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United States v. Spight

United States Court of Appeals, Eighth Circuit

April 4, 2016

United States of America, Plaintiff - Appellee
v.
Jamillo Donte Spight, Defendant - Appellant

         Submitted October 23, 2015

          Appeal from United States District Court for the District of Minnesota - St. Paul.

         For United States of America, Plaintiff - Appellee: Carol M. Kayser, Assistant U.S. Attorney, Steven L. Schleicher, U.S. ATTORNEY'S OFFICE, Saint Paul, MN; Richard Newberry, Assistant U.S. Attorney, U.S. ATTORNEY'S OFFICE, District of Minnesota, Minneapolis, MN.

         For Jamillo Donte Spight, Defendant - Appellant: Paul Applebaum, APPLEBAUM LAW FIRM, Saint Paul, MN.

         Jamillo Donte Spight, Defendant - Appellant, Pro se, Pine Knot, KY.

         Before RILEY, Chief Judge, SMITH and SHEPHERD, Circuit Judges.

          OPINION

Page 1100

          SMITH, Circuit Judge.

         Jamillo Donte Spight challenges the sufficiency of the evidence used to convict him of being a felon in possession of a firearm in violation of 18 U.S.C. § 922(g)(1). Spight also argues that the district court[1] should not have admitted

Page 1101

into evidence expert testimony from an ATF[2] agent because it lacked proper foundation. Additionally, Spight asserts that his trial counsel provided ineffective assistance by making an evidentiary stipulation and not adequately investigating the case. Lastly, Spight contends that the government failed to disclose exculpatory evidence during discovery. We affirm.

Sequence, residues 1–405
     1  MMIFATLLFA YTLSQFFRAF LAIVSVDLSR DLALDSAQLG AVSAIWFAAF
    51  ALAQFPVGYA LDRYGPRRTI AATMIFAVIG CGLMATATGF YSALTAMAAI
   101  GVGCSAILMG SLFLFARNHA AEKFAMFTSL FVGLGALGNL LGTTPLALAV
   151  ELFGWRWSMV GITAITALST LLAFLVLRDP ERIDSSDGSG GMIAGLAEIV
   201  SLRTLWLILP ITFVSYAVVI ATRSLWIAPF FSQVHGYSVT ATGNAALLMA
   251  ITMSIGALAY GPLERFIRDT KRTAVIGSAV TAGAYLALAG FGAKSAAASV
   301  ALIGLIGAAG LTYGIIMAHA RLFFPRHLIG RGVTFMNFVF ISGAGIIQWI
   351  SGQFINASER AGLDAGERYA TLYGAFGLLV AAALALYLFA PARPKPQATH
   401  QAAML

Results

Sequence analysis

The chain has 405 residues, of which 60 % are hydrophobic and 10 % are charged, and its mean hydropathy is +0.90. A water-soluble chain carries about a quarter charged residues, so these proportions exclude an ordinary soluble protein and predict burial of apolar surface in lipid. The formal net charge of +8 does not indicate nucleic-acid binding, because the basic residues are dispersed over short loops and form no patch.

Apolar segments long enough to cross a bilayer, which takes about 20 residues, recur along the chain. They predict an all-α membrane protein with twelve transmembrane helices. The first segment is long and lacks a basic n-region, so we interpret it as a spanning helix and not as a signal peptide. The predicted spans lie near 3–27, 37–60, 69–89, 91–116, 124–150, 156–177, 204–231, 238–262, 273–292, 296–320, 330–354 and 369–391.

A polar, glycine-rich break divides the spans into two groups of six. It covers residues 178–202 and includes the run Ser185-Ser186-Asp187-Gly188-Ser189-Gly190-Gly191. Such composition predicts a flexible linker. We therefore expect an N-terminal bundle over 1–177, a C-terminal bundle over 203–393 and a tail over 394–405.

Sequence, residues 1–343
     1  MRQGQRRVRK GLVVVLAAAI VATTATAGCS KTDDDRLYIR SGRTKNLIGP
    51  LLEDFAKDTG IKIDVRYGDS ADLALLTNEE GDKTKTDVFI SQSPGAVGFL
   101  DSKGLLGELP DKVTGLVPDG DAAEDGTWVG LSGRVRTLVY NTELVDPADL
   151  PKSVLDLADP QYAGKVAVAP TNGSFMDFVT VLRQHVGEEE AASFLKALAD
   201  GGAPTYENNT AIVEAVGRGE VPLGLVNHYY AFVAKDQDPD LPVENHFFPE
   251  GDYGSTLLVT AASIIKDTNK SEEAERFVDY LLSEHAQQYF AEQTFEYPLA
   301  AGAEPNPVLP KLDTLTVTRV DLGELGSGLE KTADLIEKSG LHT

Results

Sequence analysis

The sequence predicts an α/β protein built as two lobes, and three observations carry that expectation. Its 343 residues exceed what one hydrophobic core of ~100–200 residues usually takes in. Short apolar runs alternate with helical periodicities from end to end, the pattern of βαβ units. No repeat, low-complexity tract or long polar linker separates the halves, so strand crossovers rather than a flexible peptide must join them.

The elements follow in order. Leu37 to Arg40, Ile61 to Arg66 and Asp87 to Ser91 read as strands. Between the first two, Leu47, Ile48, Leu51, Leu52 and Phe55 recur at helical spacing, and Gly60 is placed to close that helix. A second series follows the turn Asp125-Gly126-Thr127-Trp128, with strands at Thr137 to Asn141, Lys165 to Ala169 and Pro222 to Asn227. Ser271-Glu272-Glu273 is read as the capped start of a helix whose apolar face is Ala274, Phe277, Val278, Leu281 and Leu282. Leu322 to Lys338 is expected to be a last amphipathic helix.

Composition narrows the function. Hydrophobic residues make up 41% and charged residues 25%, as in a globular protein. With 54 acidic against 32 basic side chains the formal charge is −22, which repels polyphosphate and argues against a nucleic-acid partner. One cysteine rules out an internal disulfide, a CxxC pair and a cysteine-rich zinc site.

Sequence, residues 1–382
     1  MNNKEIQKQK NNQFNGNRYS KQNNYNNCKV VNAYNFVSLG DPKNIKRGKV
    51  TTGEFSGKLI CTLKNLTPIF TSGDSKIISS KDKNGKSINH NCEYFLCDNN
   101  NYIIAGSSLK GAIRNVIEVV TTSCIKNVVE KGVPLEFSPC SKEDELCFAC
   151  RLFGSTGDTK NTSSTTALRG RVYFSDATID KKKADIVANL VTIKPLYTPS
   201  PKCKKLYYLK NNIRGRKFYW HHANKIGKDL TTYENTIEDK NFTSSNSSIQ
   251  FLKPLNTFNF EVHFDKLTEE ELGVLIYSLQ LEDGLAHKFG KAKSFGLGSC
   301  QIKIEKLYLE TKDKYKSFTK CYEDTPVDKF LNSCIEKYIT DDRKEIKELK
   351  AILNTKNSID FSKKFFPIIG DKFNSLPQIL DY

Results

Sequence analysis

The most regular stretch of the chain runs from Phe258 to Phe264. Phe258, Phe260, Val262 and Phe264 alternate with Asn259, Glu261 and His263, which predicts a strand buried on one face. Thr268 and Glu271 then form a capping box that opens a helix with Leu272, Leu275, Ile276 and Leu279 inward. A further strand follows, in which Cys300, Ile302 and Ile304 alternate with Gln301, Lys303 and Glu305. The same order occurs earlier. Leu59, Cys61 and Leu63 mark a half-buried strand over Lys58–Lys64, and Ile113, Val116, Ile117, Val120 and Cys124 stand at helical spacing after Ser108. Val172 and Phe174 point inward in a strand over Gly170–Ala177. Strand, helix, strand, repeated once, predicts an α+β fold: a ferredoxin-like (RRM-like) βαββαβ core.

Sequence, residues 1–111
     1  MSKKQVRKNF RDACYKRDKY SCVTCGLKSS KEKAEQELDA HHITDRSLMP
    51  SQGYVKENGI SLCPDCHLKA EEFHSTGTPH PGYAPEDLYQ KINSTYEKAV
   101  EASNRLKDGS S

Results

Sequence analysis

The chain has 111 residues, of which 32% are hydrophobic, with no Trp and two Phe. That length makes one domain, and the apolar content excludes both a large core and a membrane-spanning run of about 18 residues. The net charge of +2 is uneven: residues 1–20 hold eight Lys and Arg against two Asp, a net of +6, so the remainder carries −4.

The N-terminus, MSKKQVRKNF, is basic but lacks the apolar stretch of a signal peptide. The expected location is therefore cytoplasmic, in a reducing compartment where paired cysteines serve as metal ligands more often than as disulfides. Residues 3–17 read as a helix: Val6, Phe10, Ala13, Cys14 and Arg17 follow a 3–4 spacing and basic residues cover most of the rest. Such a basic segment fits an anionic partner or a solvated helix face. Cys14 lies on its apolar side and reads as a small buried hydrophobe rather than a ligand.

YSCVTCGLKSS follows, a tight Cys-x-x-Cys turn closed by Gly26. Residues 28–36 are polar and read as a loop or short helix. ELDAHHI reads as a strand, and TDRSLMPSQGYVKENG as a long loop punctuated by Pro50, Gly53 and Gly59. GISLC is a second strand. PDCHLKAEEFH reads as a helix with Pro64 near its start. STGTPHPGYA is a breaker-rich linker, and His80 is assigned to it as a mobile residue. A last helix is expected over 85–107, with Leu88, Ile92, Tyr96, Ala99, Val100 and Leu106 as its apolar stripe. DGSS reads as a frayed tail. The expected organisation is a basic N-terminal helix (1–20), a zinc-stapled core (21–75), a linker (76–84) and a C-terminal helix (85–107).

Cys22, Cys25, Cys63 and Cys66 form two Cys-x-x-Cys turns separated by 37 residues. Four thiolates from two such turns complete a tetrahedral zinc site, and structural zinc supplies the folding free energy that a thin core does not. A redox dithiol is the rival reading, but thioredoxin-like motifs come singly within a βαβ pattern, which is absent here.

I. Background

         In September 2013, a nightclub security camera recorded Spight enter the establishment with a loaded handgun. In addition, several eyewitnesses observed him in possession of the weapon. In fact, an unarmed security guard, Eric Wasson, wrestled the gun from Spight's grasp. The gun discharged twice during the scuffle. Fortunately, the shots injured no one. Wasson then handed the gun to Jonathan Price, the nightclub's owner, who had rushed to the commotion. Standing nearby, Annikki Davis, another unarmed security guard, witnessed the entire incident.

         Spight was arrested and charged with unlawful possession of a firearm in violation of 18 U.S.C. § 922(g)(1). At Spight's bench trial, Wasson, Price, and Davis testified. The government also admitted the video from the security camera. Spight challenged the credibility of both Wasson and Davis on two bases. First, both witnesses were themselves convicted felons. The district court " [took] into account their criminal records" and concluded that " their testimony was credible with respect to their observations and identification of [Spight] and their testimony regarding his possession of a firearm." The court based its conclusion upon its " evaluation of their testimony, in light of all of the evidence before the Court, including the DVD video." Second, Price indicated that he had helped wrestle the gun from Spight, which contradicted Wasson's testimony that he took the gun from Spight and then handed it to Price. On the basis of the video evidence that supported ...


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